Plastic straws are almost always used only once before being disposed of. Further, they really are non-essential (we can drink soda without right?). Plastic straws are single-use, lightweight, and made from Polypropylene, a material that isn’t easily recycled and degrades slowly. As a result, the negative environmental impact of plastic straws is disproportionate compared to volume.
At TRVST we want to encourage people to take action to prevent further harm to the environment from single-use plastics. You can take a small step every time you enjoy a meal out by asking for non-plastic straws with your drink or carrying your own reusable straws. Or none at all.
Plastic straws are the ultimate in single-use convenience. Typically we only use them for the lifespan of a single drink before they are discarded.
We go through a staggering 25.3 billion plastic straws in Europe every year9. In the US it is said that we use 500 million straws a day, a statistic that became viral after its release back in 2011. This number has played a leading role in exposing quite how wasteful we are with plastic straws.
It turns out that this number was originated by a 9-year-old from Vermont, Milo Cress. Milo undertook the research as part of his own personal campaign to reduce plastic drinking straw usage. He called a bunch of manufacturers and averaged out the responses he received to indicate the volume of straws Americans use every single day.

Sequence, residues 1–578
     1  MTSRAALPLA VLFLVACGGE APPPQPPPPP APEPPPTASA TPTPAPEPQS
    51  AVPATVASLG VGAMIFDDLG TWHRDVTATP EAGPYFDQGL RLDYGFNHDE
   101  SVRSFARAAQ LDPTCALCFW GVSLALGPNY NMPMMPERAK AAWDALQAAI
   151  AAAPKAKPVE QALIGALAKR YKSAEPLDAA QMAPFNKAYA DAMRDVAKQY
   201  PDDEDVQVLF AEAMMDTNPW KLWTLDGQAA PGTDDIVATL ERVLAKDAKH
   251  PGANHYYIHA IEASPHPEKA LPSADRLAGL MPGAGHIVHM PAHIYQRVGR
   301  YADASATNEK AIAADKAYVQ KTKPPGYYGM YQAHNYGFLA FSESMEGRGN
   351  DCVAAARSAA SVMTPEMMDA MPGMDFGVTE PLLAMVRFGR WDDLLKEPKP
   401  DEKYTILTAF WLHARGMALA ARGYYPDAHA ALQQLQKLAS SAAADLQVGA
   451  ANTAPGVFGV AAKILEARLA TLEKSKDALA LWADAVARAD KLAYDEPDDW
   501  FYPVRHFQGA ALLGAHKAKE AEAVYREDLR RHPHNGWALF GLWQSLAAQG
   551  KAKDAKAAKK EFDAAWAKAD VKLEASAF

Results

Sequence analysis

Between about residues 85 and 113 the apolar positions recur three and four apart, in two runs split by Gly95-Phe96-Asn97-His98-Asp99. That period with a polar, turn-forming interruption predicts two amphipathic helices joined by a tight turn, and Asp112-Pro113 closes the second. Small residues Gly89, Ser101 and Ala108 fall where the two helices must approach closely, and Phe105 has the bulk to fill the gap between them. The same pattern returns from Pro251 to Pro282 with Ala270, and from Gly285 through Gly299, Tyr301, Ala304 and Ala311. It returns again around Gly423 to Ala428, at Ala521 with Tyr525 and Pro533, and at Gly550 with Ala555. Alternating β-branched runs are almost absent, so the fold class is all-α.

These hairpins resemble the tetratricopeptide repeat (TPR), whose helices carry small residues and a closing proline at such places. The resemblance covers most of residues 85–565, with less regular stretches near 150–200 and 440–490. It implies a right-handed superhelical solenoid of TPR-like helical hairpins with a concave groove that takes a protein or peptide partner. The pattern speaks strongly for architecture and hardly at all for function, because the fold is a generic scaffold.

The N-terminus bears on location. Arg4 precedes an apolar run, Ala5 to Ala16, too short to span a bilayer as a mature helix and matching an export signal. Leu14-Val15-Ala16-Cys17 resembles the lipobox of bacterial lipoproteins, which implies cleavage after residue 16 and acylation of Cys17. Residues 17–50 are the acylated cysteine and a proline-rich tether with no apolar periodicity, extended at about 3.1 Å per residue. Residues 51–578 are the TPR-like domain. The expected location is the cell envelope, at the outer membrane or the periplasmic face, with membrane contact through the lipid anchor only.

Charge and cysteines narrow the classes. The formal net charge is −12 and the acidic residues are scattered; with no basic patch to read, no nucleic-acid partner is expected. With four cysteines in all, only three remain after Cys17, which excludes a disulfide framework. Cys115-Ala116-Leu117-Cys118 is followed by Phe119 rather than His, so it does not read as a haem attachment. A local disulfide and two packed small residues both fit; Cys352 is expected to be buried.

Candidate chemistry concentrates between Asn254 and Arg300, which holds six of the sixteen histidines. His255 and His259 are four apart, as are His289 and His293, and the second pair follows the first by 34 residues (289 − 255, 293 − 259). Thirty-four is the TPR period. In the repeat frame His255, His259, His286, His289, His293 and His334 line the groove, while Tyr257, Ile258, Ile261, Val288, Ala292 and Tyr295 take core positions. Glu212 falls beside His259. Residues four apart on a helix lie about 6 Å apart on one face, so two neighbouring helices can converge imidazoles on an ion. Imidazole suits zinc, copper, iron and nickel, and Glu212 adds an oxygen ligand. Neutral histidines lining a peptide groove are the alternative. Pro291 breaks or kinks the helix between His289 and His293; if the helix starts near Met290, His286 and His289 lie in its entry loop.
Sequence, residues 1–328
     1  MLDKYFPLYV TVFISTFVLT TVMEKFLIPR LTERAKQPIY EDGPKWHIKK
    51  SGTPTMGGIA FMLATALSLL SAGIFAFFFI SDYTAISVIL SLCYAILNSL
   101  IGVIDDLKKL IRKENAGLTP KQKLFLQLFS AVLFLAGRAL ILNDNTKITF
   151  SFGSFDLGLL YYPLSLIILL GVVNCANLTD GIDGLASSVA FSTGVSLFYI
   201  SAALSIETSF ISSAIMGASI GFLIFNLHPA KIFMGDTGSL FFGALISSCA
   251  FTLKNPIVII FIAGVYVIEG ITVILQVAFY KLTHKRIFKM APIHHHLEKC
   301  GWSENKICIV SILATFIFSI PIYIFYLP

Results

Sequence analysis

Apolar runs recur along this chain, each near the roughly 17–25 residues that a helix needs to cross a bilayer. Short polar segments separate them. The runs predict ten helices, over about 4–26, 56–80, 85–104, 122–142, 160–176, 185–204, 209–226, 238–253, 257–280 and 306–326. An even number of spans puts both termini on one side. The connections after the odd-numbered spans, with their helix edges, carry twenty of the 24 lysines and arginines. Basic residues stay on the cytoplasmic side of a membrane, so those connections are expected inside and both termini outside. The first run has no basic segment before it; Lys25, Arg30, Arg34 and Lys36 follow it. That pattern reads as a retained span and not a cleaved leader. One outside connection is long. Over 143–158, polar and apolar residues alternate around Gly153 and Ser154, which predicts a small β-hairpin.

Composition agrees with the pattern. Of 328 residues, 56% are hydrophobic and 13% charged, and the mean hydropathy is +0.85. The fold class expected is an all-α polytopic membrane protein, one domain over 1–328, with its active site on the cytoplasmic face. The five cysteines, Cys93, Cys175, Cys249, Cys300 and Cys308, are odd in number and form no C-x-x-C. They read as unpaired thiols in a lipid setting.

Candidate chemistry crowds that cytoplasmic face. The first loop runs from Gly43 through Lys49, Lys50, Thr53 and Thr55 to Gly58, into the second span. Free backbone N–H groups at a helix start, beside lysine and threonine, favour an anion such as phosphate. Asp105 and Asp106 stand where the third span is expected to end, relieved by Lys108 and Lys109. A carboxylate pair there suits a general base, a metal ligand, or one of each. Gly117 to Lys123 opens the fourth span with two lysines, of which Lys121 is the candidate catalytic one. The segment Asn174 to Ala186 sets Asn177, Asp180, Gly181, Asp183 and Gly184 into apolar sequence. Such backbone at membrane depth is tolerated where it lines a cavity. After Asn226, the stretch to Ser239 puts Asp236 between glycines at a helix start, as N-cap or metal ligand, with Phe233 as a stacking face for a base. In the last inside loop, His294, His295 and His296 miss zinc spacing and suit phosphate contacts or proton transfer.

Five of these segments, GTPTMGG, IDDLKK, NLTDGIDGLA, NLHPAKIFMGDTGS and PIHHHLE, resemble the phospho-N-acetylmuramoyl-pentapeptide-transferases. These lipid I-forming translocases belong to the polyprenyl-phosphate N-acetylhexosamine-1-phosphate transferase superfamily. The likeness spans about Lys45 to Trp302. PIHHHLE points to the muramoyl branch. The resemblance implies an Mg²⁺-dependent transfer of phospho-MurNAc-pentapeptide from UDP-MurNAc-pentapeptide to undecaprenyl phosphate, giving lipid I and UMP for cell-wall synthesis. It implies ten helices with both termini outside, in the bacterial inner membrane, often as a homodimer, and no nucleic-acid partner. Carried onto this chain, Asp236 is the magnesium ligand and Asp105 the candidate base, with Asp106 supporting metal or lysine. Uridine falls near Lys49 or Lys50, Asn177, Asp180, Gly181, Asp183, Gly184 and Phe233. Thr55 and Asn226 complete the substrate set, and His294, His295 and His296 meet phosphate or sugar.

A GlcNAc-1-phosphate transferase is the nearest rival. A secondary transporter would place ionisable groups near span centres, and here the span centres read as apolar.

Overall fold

Check a 10-year-old Milo talking about his work below on CNN (go, Milo!):
Estimates of the number of straws used in a country as big as America vary considerably. Just imagine all those burger joints, eateries, cafes, and restaurants across the land (and the globe) serving drink after drink with plastic straws.
42 billion straws are used each year in the UK, or 115 million a day6. This is by far and away from the highest usage in Europe.
Whatever the actual numbers there’s no doubt at all that we get through a lot of straws. This all adds up to plastic straws being a big environmental problem.
A few years after Milo created the 500 million statistic, Christine Figgener (marine biologist) filmed a now-famous video that caught the public attention. You can watch her removing a plastic straw from a poor unfortunate sea turtle's nose. Be warned it's an unpleasant watch.
Pretty harrowing stuff. Terrible for the turtle and all those affected since. On a more positive note however her video helped really propel the plastic straw issue into the public psyche.
That turtle basically became the poster turtle of the movement to encourage more and more people to use non-plastic straws.
In late 2017 the BBC first aired “Blue Planet II” featuring Sir David Attenborough, the follow-up to 2001’s award-winning show. The Blue Planet has helped raise public awareness of the plastic issue. David Attenborough tells the story better himself in the video below than we ever could, do watch:
Plastics are everywhere. According to the United Nations, we have become addicted to single-use or disposable plastic. Plastic straw bans are now happening across the globe, and as such, their days might be numbered.
Single-use plastic straws are small, hollow, and light and don’t seem to take up all that much room. You might think, other than the sheer volume, that we have bigger things to worry about. To an extent, you’d be right.